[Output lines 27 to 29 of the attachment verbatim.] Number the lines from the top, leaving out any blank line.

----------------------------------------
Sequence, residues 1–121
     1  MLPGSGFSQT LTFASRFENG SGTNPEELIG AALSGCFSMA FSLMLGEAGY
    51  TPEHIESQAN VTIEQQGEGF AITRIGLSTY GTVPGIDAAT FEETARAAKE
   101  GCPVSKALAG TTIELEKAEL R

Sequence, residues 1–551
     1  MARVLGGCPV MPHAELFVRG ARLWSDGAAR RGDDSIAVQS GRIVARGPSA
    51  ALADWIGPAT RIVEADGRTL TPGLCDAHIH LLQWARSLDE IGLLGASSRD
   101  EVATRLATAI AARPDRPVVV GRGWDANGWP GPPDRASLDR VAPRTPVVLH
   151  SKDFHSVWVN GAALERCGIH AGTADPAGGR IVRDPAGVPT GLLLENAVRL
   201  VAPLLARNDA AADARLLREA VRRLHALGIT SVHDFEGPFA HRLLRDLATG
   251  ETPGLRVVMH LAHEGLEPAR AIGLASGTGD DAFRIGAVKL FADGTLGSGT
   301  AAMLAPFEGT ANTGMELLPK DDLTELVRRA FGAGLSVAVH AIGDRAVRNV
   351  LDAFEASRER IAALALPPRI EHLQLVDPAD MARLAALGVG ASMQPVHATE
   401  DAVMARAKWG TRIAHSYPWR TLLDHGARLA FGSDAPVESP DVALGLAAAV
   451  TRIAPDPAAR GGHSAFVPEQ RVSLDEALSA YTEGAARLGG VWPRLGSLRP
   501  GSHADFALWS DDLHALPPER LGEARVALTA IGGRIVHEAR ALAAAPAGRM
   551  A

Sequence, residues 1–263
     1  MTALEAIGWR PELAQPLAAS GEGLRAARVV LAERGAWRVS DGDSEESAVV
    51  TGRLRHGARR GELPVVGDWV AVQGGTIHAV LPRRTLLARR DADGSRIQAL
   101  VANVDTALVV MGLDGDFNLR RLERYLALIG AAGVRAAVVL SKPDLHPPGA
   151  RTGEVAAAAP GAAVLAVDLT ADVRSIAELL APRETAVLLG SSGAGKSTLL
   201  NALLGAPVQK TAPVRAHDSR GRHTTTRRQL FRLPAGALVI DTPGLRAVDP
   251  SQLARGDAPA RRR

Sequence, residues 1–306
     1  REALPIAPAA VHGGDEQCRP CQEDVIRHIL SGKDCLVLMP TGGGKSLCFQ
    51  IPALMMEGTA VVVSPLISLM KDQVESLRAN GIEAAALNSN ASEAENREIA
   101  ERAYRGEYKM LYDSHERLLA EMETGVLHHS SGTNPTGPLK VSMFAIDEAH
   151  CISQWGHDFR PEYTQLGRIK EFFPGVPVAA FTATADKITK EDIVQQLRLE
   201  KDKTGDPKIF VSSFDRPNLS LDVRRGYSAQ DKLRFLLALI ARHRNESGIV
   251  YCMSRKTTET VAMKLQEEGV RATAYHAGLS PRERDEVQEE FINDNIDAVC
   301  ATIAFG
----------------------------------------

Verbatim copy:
    51  IPALMMEGTA VVVSPLISLM KDQVESLRAN GIEAAALNSN ASEAENREIA
   101  ERAYRGEYKM LYDSHERLLA EMETGVLHHS SGTNPTGPLK VSMFAIDEAH
   151  CISQWGHDFR PEYTQLGRIK EFFPGVPVAA FTATADKITK EDIVQQLRLE